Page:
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AP Calculus AB Syllabus

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AP Calculus AB Syllabus Powered By Docstoc
					AP CALCULUS AB SYLLABUS                                                 2011-2012

   You have brains in your head. You have feet in your shoes. You can steer
             yourself, any direction you choose.     ~ Dr. Seuss ~


TEXTBOOK:
          Calculus of a Single Variable: Eighth Edition c 2006
               o Larson, Hostetler, Edwards

Supplemental Book

          Cracking the AP Calculus AB & BC Exams, 2010 Edition
              o David S. Kahn


COURSE OBJECTIVES/GOALS

This year long course is intended to help students develop an understanding of the concepts of
calculus, including but not limited to, limits, differentiation, integration, and approximation. The
course will expose the students to a variety of applications and modeling of calculus concepts.
Students will learn to analytically support data, read and understand mathematical text,
communicate mathematics effectively, both in a written and oral format, and use technology to
support conclusions.

INSTRUCTION
Students will be instructed on a daily basis using a variety of instructional methods. Notes will be
provided by the instructor consistently throughout the course and students will have opportunity
to collaborate with each other during class, as well as with the instructor. Graphing calculators
will be used to demonstrate concepts and students will have access to graphing utilities during
class. Supplemental instructional material will also be available and utilized when appropriate.

COURSE DESIGN/PHILOSOPHY

The intent for this course is for each student to gain an appreciation and respect for the
applications and importance of calculus. The goal is for each student to know both how to solve
a problem as well as the reason for doing the problem. When students know and understand
the relevance, they can grasp and apply the concept more readily. The course outline following
shows the sequential order and the topics that will be covered in the course.
Chapter P – Preparation for Calculus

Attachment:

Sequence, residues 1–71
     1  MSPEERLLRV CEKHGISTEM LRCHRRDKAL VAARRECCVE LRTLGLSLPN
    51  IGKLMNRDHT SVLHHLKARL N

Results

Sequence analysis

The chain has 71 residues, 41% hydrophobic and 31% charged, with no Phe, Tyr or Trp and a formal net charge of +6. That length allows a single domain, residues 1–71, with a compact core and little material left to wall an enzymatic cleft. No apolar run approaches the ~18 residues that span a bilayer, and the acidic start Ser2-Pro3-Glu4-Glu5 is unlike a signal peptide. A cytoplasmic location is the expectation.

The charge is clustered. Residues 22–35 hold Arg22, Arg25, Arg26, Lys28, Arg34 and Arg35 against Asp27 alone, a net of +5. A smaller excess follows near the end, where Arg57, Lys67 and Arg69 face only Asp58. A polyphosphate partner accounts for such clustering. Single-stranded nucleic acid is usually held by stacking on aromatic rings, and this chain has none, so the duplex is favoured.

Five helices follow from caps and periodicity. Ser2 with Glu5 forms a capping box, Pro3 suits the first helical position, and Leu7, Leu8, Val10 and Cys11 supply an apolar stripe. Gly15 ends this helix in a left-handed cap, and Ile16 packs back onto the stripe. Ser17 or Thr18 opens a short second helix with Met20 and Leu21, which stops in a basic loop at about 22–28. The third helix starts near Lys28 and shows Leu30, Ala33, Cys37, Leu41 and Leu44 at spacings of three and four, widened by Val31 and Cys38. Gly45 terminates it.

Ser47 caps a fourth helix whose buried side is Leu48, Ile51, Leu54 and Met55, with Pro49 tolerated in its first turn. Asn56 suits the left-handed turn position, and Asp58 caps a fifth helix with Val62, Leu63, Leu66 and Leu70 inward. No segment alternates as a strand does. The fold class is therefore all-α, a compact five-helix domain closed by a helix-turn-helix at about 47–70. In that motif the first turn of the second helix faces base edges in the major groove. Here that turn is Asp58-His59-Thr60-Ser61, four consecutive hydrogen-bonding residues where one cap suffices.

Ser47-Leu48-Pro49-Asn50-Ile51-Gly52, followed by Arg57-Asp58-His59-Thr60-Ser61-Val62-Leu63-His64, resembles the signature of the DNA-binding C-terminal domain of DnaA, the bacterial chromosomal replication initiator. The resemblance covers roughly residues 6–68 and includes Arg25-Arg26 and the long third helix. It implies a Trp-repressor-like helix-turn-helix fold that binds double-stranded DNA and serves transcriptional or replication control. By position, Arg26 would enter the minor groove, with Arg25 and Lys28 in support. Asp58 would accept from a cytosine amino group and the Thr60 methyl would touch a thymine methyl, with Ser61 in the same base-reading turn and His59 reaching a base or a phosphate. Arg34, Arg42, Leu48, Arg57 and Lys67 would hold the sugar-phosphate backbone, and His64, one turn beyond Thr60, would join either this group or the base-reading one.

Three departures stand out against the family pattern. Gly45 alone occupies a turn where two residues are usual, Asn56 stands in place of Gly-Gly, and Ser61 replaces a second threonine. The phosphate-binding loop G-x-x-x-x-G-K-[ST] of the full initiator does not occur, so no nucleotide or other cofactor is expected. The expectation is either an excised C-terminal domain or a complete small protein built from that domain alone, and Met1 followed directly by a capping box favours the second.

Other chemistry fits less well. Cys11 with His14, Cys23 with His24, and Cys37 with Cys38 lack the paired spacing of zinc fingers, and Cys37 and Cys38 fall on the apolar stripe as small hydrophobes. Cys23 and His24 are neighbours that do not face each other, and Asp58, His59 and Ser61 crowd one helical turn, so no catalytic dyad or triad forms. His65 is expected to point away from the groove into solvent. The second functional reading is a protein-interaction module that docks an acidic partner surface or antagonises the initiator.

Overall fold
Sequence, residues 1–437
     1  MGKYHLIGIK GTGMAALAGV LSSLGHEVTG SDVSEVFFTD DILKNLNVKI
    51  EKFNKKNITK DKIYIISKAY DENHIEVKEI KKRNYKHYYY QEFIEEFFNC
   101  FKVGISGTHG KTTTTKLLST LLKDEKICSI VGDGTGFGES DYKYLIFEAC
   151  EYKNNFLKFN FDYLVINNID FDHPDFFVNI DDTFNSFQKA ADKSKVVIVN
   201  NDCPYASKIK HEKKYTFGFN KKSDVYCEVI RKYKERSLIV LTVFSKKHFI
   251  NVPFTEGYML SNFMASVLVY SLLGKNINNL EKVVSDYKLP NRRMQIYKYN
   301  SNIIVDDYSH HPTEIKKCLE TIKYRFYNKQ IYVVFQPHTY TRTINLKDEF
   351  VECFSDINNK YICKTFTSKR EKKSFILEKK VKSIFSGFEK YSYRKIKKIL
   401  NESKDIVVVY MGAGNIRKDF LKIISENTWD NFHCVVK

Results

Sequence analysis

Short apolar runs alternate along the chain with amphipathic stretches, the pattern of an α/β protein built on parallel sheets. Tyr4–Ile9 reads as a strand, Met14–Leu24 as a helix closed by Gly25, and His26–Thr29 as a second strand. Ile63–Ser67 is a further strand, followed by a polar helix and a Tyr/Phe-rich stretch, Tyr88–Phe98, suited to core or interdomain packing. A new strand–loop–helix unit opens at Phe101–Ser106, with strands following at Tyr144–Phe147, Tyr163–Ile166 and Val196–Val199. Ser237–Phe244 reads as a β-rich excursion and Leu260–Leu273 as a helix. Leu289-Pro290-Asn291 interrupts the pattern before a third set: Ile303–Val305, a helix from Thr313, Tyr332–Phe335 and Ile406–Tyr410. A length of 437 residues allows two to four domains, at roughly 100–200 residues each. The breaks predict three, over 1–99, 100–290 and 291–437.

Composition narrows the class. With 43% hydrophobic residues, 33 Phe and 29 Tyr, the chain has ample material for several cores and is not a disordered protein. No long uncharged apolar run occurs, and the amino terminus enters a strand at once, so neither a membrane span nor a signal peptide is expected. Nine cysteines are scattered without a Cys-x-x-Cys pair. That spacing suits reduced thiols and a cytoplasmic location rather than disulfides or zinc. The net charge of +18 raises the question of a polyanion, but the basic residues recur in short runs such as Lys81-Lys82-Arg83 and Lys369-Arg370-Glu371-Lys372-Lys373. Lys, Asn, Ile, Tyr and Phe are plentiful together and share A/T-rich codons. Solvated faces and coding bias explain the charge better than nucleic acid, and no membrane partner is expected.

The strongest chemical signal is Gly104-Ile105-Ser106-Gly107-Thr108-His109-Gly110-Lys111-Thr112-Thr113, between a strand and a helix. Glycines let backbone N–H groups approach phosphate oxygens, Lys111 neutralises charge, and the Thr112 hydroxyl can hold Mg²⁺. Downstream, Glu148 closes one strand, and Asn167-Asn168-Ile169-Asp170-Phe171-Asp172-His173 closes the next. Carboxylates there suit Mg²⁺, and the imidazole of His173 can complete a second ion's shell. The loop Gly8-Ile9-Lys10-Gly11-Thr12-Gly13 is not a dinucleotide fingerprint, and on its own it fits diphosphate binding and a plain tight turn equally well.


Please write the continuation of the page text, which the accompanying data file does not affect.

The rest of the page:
   Graphs & Models Linear Models and Rates of Changes
      Functions and Their Graphs Fitting Models to Data

Chapter One – Limits and Their Properties
      A Preview of Calculus Finding Limits Graphically and Numerically
      Evaluating Limits Analytically, Continuity, and One-Sided Limits
      Infinite Limits

Chapter Two – Differentiation
      The Derivative and the Tangent Line Problem
      Basic Differentiation Rules and Rates of Change
      Product Rule Quotient Rules
      Higher-Order Derivatives Chain Rule
      Implicit Differentiations Related Rates

Chapter Three – Applications of Differentiation
      Extrema on an interval, Rolle’s Theorem and the Mean Value Theorem
      Increasing and Decreasing Functions, First Derivative Test / Second Derivative Test
      Concavity Limits at Infinity
      Optimization Differentials

Chapter Four – Integration
      Anti-derivatives Indefinite integration
      Area Riemann Sums
      Definite Integration Fundamental Theorem of Calculus
      Integration by Substitution Numerical Integration

Chapter Five – Logarithmic, Exponential and Other Transcendental
Functions
      Differentiation of Natural Logarithmic Functions, Integration of Natural Logarithmic
       Functions
      Inverse Functions Differentiation of Exponential Functions
      Integration of Exponential Functions Bases other than e
      Differentiation of Inverse Trigonometric Functions, Integration of Inverse Trigonometric
       Functions

Chapter Six – Differential Equations
      Slope Fields Growth and Decay
      Separation of Variables

Chapter Seven – Applications of Integration
      Area of a Region Between Two Curves Volume, Disk & Shell Method
Materials for Class

All students are expected to have the following with them in class each day:
     Textbook
     Pencil/eraser
     3-ring binder
     Calculator (preferably a TI-83 or TI-84)
     Attitude ready to learn



Grades
Students will be graded as follows:
     Homework, which will be given daily and will constitute approximately 15% of the grade
     Quizzes, which will be given after each subunit and will constitute approximately 35% of
       the grade
     Tests, which will be given at the end of each unit and will constitute approximately 35%
       of the grade
     In class assignments, which will be given randomly and will constitute approximately 15%
       of the grade

Other Useful Information
All students in this class should have successfully completed the pre-requisite courses needed to be
successful in calculus as outlined on the college board website (www.collegeboard.com).
Additionally, students should expect to have a demanding calculus work load, both inside and
outside of class. Students will be required to do independent reading and research throughout
the course and communicate their findings in formats of choice. It is imperative that students
recognize the difference between collaborative work and individual work. Academic honesty is
crucial and any unethical behavior will not be tolerated. Regular class attendance is extremely
important for success. Any student who is absent from class will be responsible for all missed
work. All grades will be updated weekly and parents are encouraged to contact me at anytime
regarding student’s progress.

I am extremely excited to work with you this school year! I absolutely love calculus and I’m
honored to be able to teach it to you and show you the beauty of mathematics! Please know
my door is always open should you have a concern. Let’s make it a great year!

				
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